Maybe then the client-agency relationship or the PR department-company relationship will go beyond that of an executive or a manager. Maybe then PR relations practitioners will be seen as ‘Gurus’ and not mere publicists.
I am sure it is not simple and sometimes not realistic as it sounds.What could be the obstacles? What do you think?

From my blogpost

Challenges faced by PR pros – Series – Scenario 3 – Quantum of Coverage VS Quality

This week I would request all members to please share your insights and experiences in dealing with clients with unrealistic expectations. Yes I am sure most of you are thinking that this is not something new and most often we have clients telling us during monthly reviews that the number of hits this month are very low and it should have been about ummm…..may be 100 clips? We often end of up sulking among ourselves that the client is very demanding and has huge expectations from PR. So who sets these expectations – the Corporate Communications Head/Marketing & Sales Head. If the Corporate Communications Head has some PR background he would set achievable targets for PR and also set the expectations internally as well however if the Marketing & Sales Head is the decision maker and has less understanding about PR and its value, the agency should take the efforts of educating the client on ‘How PR works’ and how it can help enhance the company’s image/reputation.

So the point that I would like all of us to throw light on is, does getting quantum of coverage help  enhance company’s brand and visibility or  quality of coverage in the appropriate target media reaching the target audience more helpful?

Would request all PR pros and Corporate Communication professionals to come forward and have an interesting discussion and debate on this topic.

* Discussion Series : Initiated by Richa Seth

Exclusive or First Interview – a dilemma faced by PR pros – Scenario 2 – Series – Challenges faced by PR pros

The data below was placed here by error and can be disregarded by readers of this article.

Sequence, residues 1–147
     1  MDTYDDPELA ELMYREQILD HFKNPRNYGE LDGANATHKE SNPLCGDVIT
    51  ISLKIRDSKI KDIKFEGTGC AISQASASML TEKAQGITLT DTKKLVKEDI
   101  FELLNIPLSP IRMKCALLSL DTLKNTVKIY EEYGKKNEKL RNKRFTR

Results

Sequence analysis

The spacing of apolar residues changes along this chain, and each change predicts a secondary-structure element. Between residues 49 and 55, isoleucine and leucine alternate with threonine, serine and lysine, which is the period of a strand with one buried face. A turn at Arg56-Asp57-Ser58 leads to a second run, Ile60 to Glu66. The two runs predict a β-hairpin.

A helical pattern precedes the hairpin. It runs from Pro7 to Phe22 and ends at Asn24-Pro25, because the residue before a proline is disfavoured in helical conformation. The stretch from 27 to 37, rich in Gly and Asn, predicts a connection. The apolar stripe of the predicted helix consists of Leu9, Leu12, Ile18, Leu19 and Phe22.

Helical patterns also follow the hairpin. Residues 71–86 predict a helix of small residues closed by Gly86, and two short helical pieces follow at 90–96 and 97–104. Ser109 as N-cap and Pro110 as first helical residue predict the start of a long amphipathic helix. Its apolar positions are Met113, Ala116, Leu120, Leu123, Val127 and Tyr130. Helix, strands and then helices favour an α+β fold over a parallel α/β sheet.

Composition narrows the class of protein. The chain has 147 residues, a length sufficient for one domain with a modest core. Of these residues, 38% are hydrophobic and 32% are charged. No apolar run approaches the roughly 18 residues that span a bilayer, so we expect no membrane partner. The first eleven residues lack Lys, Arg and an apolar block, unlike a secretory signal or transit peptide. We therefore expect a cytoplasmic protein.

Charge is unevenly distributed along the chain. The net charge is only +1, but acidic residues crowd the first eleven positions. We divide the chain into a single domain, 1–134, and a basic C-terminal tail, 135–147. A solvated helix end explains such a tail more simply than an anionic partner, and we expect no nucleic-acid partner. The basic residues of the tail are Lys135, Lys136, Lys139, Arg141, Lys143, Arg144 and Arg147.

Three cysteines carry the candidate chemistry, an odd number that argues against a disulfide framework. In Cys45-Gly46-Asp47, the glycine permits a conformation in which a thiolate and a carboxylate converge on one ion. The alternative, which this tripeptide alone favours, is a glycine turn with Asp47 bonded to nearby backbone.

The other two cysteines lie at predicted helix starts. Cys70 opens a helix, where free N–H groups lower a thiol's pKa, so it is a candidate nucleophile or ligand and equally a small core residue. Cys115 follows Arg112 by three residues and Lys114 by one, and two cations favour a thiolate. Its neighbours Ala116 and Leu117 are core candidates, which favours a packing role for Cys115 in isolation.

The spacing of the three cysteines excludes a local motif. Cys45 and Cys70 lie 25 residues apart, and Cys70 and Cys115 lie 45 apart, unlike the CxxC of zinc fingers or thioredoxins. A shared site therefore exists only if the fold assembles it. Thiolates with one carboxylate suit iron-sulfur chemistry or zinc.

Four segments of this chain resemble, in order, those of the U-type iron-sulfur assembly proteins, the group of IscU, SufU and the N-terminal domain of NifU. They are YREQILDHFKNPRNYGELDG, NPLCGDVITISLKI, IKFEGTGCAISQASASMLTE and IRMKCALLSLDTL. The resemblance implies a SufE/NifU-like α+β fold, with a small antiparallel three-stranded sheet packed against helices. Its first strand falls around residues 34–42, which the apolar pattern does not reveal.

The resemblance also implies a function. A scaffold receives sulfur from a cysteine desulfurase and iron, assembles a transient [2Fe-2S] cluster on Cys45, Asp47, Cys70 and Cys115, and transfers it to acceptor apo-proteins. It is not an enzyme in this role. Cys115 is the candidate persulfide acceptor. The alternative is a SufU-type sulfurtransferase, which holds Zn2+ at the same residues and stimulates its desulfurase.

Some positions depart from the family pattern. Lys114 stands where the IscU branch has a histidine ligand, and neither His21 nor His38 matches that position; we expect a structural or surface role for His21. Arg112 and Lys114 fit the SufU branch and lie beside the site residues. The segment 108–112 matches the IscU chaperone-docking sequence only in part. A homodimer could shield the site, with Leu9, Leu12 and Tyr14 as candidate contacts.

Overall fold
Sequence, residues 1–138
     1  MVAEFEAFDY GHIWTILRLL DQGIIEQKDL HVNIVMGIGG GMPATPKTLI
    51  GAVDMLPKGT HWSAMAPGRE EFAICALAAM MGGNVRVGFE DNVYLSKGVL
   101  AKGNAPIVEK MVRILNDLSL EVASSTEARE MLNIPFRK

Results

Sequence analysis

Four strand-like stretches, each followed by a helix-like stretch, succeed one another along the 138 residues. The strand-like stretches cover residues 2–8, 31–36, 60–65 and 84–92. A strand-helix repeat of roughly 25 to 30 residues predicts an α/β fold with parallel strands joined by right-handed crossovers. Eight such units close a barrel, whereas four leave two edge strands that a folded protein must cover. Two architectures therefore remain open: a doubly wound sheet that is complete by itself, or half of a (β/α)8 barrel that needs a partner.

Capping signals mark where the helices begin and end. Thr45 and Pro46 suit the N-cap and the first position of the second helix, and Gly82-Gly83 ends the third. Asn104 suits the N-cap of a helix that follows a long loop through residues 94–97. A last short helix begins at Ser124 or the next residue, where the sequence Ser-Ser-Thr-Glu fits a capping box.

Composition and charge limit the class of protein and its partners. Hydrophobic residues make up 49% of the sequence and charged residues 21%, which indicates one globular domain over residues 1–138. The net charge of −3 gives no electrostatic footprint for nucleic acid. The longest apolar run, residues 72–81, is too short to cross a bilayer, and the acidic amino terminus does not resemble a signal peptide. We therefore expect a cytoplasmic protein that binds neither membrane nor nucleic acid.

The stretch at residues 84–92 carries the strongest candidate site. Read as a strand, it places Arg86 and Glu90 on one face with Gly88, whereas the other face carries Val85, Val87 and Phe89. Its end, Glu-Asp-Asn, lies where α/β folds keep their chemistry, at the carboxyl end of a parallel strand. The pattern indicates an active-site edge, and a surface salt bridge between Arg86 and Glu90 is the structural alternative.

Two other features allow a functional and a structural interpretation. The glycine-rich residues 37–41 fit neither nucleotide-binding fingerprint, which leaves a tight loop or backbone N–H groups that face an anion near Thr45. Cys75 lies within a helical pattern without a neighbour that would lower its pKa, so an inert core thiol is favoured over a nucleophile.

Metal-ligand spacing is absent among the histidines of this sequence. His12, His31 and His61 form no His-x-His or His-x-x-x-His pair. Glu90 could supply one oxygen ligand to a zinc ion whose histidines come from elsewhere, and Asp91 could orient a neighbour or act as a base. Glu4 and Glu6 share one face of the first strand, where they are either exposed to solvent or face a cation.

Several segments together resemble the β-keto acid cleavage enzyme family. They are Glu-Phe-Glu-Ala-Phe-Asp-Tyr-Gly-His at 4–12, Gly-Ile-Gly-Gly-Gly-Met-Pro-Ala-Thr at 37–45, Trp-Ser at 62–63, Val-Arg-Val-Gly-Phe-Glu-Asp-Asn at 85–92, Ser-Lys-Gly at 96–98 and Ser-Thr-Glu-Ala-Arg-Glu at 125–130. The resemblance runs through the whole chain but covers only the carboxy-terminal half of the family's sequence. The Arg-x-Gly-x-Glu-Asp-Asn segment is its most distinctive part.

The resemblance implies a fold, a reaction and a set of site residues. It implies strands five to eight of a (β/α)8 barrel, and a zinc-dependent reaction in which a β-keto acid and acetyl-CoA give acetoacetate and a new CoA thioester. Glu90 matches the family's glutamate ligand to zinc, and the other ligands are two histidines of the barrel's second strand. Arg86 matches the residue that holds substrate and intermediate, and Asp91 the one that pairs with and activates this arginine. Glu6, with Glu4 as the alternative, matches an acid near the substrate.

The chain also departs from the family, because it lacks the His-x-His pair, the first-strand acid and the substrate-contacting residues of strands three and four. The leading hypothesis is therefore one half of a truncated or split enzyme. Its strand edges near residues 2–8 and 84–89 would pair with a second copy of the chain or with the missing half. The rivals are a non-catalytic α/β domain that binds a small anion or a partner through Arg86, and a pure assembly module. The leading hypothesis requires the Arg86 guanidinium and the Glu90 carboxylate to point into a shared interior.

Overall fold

With the increasing number of media channels – print, electronic, wire/online, most media channels are finding ways to get a competitive edge over the other by using various strategies. One of the strategies used by electronic channels and print media is to get an Exclusive or First Interview from companies on any major announcement which will help them get more viewership (TRP)/readership. This policy often puts PR pros into a tight spot especially if the announcement to be made is an important one and requires a mass reach.

I would request all team members to please share your thoughts on what can be done to manage such requests and communicate the announcement to the key stakeholders of the client.

Challenges faced by PR pros – Series – Scenario 1

Scenario – 1 – Demanding Client – No spokesperson, No new announcements. Expectation: Pan India media mileage.

Ever come across a client who is very enthusiastic about PR but has no spokesperson available for media interviews? And has no new announcements to share but expects an ongoing and extremely active PR campaign across India? So what are the strategies & tactics one can explore to build an ongoing pan India campaign? Listed below are some strategies and tactics that can be used:

  1. Create a quarterly campaign based on client’s objectives, target audience and key markets – Share ideas which can be explored on traditional as well as new media (Read social media/company’s owned online properties).
  2. Content is the key for any communication – One can get cues from industry trend stories featured in not only mainline media but trade magazines, online portals, company newsletter and don’t forget to ask you client for research reports (as most companies subscribe to these reports). Data extracted from these can be used to draft interesting pitch notes for Email interviews, Authored articles, Infographics, Photo features, Stats & Trivia
  3. Case Studies – Success case studies are alwaysa great way of showcasing the company’s worth in the industry. PR pros need to be aware of specific columns across media which feature case studies. Keep a track of business & trade magazines as well online portals for the same.